It's like that all around - Pang's got good jokes, but he's still pretty raw, the young filmmaker eager to declare his fandom and influences, good instincts for when things are about to get out of hand but not practice in cutting them just right. He works with actors fairly well but doesn't quite give them the material to make their characters more than their type very often, so that the jokes spring from who they are rather than the situation. The budget seems tight and the timeframe limited, and he's not quite able to squeeze all he can out of it.

As a first film, it shows enough sparks that you can see folks involved might be going somewhere, even if they aren't quite there yet. It's still got enough jokes to be a good comedy, at least.

Senritsu meiky├╗ 3D (The Shock Labyrinth)

* * ½ (out of four)
Seen 9 December 2022 in Jay's Living Room (off the shelf, 3D Blu-ray)

Takashi Shimizu is, perhaps, a little too professional at times, spending a large chunk of his early career on various versions of Ju-on/The Grudge, and then soon enough doing this little movie which is apparently a rather obvious tie-in to a famous amusement park and which would get re-purposed itself for Shimizu's Rabbit Horror 3D a couple years later (it says "Tormented" on the box, but, c'mon, it's "Rabbit Horror"). Aside from a few short films as part of anthology projects, his only real foray outside horror was a live-action Kiki's Delivery Service soon after those. He dutifully put himself in work-for-hire boxes, and eventually became out of sight, out of mind to the folks who had gotten into Japanese horror because of his movies.

Shock Labyrinth doesn't do anything to bust him out of those boxes, really. It's a familiar as heck story, with Ken (Yuya Yagira) returning to a place he lived as a kid to reunite with friends Motoko (Ryo Katsuji) and Rin (Ai Maeda), only to have someone crash the party - Yuki (Misako Renbutsu), who vanished ten years ago and gives the impression of having been institutionalized since. They try to contact Yuki's parents, but only find her little sister Miyu (Erina Mizuno), who was with them the day Yuki vanished ten years ago, when they tried to explore the shuttered mental institution next to a popular theme park. When Yuki collapses, the directions to the nearest hospital bring them back full-circle.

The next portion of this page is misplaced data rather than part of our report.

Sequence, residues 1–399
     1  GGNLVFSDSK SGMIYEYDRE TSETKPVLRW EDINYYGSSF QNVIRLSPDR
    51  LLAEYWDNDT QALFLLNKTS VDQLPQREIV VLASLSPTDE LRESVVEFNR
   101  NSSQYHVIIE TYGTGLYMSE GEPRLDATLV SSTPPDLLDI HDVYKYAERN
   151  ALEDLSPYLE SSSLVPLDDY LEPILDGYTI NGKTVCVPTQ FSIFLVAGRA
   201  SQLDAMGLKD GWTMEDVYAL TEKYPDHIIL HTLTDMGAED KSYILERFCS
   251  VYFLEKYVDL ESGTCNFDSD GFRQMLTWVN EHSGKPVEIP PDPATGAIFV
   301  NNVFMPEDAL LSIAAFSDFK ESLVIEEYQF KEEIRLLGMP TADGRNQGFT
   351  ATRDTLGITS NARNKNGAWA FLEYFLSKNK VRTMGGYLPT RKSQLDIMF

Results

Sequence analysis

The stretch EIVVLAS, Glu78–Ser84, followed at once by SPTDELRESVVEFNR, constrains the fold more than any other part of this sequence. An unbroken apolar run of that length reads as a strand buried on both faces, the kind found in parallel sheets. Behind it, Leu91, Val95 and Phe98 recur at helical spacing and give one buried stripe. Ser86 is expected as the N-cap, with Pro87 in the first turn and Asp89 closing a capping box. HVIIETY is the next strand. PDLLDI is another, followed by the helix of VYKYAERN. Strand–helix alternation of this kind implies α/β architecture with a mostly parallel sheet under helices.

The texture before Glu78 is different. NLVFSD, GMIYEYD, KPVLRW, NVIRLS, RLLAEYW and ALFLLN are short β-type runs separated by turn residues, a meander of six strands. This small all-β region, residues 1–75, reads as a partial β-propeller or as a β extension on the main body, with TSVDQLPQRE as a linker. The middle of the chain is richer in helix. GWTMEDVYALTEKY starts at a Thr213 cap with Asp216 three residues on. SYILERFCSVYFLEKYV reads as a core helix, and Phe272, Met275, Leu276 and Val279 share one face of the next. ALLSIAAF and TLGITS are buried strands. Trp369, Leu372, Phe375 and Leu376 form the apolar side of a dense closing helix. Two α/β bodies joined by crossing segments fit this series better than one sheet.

It's a J-horror first act that feels kind of rushed and sloppy, doing the bare minimum before putting its young group in a position where they can make even worse decisions, with things feeling rather threadbare, like the shooting schedule for this material is short so there's not a lot of time to refine performances and character, while the crew is looking for easy set-ups to knock things out fast on the way to the trickier material. It's capable enough - much of the cast had the talent to go on to have fairly successful careers, and Shimizu has always been good about wringing as much as he could out of fairly little.

And when he gets to the hospital/park? Shminizu knows what he's doing there, milking both dark passages and garish feel like there's something lurking around the corner. Shimizu and cinematographer Tsukasa Tanabe seem to be having fun with the 3D camera rigs, finding clever angles and uses for the depth along with the sheer fun of dropping down the center of a spiral staircase, having something jump out at the audience, or float uncannily in the middle distance. Writer Diasuke Hosaka gives Shimizu the sort of ouroboros of a screenplay that he had done well in Ju-on: The Grudge 2, and it holds together pretty well.

Like a lot of one-hit wonders, Shimizu was maybe never quite so great again as they were that one time, but he was still the guy who could make Ju-on and has occasionally made a fair movie since.

So, nice to fill in some gaps from filmmakers I've generally liked, and it tightens things up a bit:

Mookie: 46 ¼ stars
Bruce: 54 ¼ stars

Next up: If you're reading to see who wins, not gonna lie, round 15 is huge.